Notebooks

Folders

Pens

Pencils

Highlighters

Craft Scissors

White out

Crayons

Colored Pencils

After our Mitzvah morning, sit back and relax as we screen the TV mini-series Houdini, starring Adrien Brody.

Please reach out to me directly if you have any questions about these or any of our upcoming programs at tattwood@jewishmuseummd.org. We hope to see you at the museum soon.

 

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The Making of JMM Live!

Posted on February 16th, 2018 by

Trillion is on family leave for a few months, but before she left the building she shared the story of the “making of JMM Live!” for this month’s JMM Insights!  To read more posts from Trillion, click here.


It all began with a gap.  The National Archives could lend us the Iraqi Jewish Heritage exhibit until mid-January but couldn’t send us the Amending America exhibit until early April.  That was a long span of time for our Samson, Rossetta and Sadie B. Feldman Gallery to be dark.

During 2017 we discussed various ways to bridge the gap, including several smaller exhibits.

(We actually ended up with two:  Beyond Duty: Diplomats Recognized as Righteous Among the Nations, which opened at the beginning of this month, and the My Family Story student-curated projects from March 11th.)

I suggested we try something a little different. In my role as programs manager I am frequently contacted by speakers, performers, authors and many more asking for the opportunity to present at the JMM. Normally our program calendar is so busy with exhibit-related events that I can only take one or two of these requests per year, however, it occurred to me that with an open calendar perhaps we could make something of this opportunity.

I proposed a series of live events at the museum that celebrate all aspects of American Jewish performing and literary arts; this became the inspiration for JMM Live! 

I have spent the last several months working on finding a wonderful selection of programs, including author talks, musical performances, movies and theater. The topics we will explore vary from the expected, like Jewish Broadway, to the more surprising, like Jewish Punk Music. The series is designed to suit the whole family, in addition to our regular programs we also have two live festivals for kids, the first on March 4th celebrating Purim and the second on March 25th celebrating Passover.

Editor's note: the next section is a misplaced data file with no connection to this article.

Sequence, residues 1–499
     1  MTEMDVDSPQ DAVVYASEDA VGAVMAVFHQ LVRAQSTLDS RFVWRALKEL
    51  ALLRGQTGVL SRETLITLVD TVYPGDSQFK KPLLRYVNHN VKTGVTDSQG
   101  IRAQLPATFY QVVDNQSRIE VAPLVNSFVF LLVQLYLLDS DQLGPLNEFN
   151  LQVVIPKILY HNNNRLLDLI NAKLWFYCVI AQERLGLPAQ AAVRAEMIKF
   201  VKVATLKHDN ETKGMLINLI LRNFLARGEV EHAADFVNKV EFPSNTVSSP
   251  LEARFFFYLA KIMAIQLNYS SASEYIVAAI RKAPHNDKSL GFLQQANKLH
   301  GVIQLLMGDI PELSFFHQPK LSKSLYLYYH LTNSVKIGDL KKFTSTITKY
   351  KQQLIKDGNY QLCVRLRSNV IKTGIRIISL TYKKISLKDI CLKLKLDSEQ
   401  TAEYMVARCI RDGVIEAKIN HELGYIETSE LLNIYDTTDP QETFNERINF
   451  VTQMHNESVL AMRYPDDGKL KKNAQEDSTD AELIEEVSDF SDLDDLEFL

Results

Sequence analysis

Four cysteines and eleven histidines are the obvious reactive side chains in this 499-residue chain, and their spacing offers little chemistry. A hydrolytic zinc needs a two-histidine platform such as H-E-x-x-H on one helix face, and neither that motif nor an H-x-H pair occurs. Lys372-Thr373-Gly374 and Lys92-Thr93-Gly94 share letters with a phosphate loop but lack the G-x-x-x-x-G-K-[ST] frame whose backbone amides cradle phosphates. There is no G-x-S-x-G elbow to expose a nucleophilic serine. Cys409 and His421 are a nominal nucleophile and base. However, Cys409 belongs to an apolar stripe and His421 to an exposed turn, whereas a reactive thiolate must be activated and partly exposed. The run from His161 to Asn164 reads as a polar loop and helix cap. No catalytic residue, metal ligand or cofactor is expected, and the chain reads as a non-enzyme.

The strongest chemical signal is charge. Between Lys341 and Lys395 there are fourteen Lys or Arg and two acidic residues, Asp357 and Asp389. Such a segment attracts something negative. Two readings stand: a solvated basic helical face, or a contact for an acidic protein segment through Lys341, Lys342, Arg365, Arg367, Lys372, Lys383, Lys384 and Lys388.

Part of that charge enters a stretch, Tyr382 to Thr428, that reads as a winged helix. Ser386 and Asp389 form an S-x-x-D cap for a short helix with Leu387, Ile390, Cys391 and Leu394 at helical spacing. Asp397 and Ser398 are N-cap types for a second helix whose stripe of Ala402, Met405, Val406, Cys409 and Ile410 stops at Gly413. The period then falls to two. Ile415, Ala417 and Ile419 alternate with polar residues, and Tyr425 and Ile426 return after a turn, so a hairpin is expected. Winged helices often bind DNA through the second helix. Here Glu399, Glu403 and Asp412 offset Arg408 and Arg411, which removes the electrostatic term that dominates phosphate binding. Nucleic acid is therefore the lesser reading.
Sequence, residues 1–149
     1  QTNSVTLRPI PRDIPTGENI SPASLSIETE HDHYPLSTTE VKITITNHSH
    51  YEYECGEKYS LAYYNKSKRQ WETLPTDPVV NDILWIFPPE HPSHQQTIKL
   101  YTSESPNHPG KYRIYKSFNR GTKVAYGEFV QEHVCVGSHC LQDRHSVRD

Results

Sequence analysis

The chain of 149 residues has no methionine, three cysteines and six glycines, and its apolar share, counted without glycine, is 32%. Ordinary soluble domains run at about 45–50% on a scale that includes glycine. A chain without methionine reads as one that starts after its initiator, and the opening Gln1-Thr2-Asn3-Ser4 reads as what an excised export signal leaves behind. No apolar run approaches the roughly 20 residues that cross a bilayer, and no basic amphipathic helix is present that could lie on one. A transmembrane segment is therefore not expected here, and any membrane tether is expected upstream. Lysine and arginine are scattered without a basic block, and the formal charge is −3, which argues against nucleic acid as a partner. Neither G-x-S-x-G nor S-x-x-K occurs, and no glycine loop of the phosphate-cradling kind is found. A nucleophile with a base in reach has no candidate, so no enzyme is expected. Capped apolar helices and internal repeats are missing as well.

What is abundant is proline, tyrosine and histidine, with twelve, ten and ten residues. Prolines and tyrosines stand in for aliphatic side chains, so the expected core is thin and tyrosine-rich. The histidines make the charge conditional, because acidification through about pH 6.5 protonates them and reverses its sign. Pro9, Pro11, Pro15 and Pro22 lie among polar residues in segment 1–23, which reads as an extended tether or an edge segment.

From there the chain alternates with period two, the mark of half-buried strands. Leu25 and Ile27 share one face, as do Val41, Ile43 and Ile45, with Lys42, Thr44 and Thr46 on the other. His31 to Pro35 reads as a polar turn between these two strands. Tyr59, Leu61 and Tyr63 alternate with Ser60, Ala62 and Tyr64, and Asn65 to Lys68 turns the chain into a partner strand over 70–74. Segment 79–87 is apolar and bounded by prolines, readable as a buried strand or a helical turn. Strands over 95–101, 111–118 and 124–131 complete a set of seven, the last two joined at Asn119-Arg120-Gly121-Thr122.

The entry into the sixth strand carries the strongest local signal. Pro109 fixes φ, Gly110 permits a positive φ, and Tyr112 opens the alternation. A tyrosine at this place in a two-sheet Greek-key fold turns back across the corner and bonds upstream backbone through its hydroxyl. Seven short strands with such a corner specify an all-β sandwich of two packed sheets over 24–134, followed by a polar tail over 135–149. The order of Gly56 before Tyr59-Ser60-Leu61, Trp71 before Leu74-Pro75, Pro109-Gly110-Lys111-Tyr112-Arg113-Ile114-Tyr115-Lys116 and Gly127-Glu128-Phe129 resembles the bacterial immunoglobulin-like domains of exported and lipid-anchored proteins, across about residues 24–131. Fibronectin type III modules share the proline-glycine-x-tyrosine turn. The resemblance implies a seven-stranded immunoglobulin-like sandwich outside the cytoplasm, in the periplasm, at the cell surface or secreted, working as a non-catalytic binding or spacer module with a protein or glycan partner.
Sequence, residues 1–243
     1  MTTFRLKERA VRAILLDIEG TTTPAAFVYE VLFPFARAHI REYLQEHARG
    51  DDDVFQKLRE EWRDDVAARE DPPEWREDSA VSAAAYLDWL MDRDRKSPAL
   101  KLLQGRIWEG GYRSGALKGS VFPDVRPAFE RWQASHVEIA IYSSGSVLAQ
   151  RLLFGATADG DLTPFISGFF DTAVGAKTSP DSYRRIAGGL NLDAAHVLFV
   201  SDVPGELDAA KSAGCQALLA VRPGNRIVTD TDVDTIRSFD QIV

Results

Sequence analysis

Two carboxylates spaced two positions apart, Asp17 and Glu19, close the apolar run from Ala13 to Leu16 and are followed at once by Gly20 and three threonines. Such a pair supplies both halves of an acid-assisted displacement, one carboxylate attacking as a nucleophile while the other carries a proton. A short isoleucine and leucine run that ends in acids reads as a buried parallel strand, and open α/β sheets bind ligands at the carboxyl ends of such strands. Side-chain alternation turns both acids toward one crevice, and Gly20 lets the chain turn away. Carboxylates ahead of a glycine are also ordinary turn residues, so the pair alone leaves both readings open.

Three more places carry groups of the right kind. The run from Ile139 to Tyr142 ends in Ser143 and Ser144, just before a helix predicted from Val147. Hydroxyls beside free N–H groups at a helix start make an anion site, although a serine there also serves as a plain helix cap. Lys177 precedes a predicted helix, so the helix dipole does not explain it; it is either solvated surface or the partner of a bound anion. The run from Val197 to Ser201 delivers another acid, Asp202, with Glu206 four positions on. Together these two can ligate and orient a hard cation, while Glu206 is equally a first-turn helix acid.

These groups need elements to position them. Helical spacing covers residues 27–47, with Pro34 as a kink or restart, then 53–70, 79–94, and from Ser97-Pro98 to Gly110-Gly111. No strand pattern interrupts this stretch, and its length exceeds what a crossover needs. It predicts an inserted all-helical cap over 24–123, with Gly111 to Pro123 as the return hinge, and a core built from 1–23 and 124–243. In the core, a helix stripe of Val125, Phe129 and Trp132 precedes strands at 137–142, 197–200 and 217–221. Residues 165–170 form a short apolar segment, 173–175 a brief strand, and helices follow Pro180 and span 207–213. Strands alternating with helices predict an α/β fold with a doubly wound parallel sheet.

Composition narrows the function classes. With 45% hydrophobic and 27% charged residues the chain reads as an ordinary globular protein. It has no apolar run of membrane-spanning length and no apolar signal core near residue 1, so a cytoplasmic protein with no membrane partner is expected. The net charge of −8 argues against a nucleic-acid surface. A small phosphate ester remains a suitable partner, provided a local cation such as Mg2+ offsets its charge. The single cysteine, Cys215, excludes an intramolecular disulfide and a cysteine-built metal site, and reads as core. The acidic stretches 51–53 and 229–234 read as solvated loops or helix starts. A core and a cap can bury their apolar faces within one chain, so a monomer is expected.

Daveed Korup and Miss Spice will entertain kids of all ages with their concerts!

One of the most important things when planning this series was to include our very own Living History characters. Over the past few years we have developed several characters, we are very pleased to feature two of our characters as part of this series, Henrietta Szold performed by Natalie Pilcher on March 18th and Ida Rehr performed by Katherine Lyons on February 25th.

The stories of Henrietta and Ida are truly brought to life by these talented actresses!

The series has also been a lovely opportunity to work again with some wonderful partners plus build some new relationships. We are very pleased to welcome back the Global Theatre Project for a performance of Stories From the Fringe on Wednesday, March 21st. On Thursday, March 15th I am really excited about the program we will be presenting in partnership with Fells Point Corner Theater, a special preview of the theaters upcoming show Gertrude Stein and a Companion. 

The series started this Sunday with a dedication to Yiddish music with Hazzan Sara Geller of B’nai Shalom Olney, part performance, part talk and part sing-along!

There really will be something for everyone!

The series runs from February 11th until March 25th and features fourteen different performances. In my absence Lindsey Davis will be managing these programs – you can reach her at ldavis@jewishmuseummd.org but she’ll also have proxy to my e-mails.

If you can’t join us this Sunday please take a few minutes to review the full program of events here. If you see a program (or several) that appeals, reserve your tickets today – the most popular programs are selling fast!

Now is also the perfect time to become a JMM member– with all these programs you’re sure to be a repeat visitor this winter. Museum Membership includes FREE admission to the Museum every day we’re open, and to all our public programs! (Plus members get a 10% discount at Esther’s Place, the JMM gift shop.)

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“Baltimore, the Liverpool of America” – In Which Trillion Was Right All Along

Posted on January 26th, 2018 by

A blog post by Collections Manager Joanna Church. To read more posts by Joanna click HERE.

As always, it’s the odd little hidden gems in the collection that warm a registrar’s heart.  I recently happened upon this book, and – being a sucker for municipal encomiums of the past – I took a closer look.  Here for you today we have a Souvenir of Baltimore, printed in 1898 by A. Hoen & Co. of Baltimore, “compiled expressly for the American Pharmaceutical Association” in dedication “to its members in commemoration of the forty-sixth annual meeting, held August, 1898” in Baltimore.